Ollie Pope, too, is starting to badly need a score after looking far too frenetic again and cutting the left-arm spin of Ajaz Patel into the gloves of Tom Blundell, a late call-up behind the stumps after BJ Watling pulled out with a back problem.
It was Burns, in company with Lawrence, who initially steadied the England ship and looked likely to make his second century of the series before being undone by a rare lapse of concentration fishing against Boult.
And the left-armer, such a key part of the New Zealand attack, was on a hat-trick when poor James Bracey pushed meekly at his first ball and was out for his second duck in his second Test innings. He hung his head in disbelief at the brutality of it all.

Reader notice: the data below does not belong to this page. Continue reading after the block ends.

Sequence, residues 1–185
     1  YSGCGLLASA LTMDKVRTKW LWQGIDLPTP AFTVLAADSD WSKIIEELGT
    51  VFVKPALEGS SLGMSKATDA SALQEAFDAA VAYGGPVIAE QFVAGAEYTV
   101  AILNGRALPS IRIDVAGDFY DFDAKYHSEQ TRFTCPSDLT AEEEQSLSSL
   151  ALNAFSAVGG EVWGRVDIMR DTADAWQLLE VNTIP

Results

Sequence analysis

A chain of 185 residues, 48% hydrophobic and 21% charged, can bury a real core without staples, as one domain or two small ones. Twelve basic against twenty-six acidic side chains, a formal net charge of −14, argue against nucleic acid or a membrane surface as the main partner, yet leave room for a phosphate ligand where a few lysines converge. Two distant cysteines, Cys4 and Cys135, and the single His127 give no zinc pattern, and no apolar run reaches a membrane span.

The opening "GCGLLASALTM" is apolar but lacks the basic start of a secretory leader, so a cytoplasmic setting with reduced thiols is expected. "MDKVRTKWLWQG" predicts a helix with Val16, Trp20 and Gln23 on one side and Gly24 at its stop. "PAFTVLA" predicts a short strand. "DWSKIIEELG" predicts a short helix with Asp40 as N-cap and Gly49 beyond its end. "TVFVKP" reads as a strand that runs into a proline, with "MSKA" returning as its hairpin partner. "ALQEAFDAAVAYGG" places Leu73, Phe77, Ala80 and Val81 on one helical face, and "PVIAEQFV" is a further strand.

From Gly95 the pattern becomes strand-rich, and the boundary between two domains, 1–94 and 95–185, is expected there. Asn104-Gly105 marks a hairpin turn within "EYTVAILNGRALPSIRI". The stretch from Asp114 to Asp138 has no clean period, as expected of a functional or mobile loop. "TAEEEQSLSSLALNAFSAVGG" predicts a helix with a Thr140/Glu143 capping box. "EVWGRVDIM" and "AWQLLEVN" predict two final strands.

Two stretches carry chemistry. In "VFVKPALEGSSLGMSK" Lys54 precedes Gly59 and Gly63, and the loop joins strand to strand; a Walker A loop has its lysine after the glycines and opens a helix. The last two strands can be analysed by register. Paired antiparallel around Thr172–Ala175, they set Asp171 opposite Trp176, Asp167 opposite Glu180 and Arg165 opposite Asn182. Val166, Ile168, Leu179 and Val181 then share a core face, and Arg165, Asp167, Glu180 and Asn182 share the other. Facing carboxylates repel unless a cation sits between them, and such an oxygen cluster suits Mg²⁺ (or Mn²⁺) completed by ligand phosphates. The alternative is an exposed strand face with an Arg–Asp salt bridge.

Ollie Pope can’t believe it after he is dismissed by Ajaz Patel for 19, England’s fourth wicket
Some 18,000 spectators were inside Edgbaston in Birmingham as part of the pilot event
Lawrence, as befits a gifted but unorthodox batsmen, had his own shaky moments, not least when he edged two balls from the same Henry over through third man to the boundary. And when he got a thin edge to Patel on 36 that went in and out of Blundell’s gloves.
But an Essex batsman who showed his mental strength in adversity in India during the winter grew in confidence and showed considerable elan as he went on to his third half century in his seventh Test and his first at home.
With him, in a stand of 47 for the seventh wicket, was the unlikely figure of Olly Stone, promoted to eight on his home ground as part of arguably the longest England tail since Duncan Fletcher was horrified at the sight of Andrew Caddick, Alan Mullally, Phil Tufnell and Ed Giddins making up the bottom four against New Zealand at the Oval in 1999.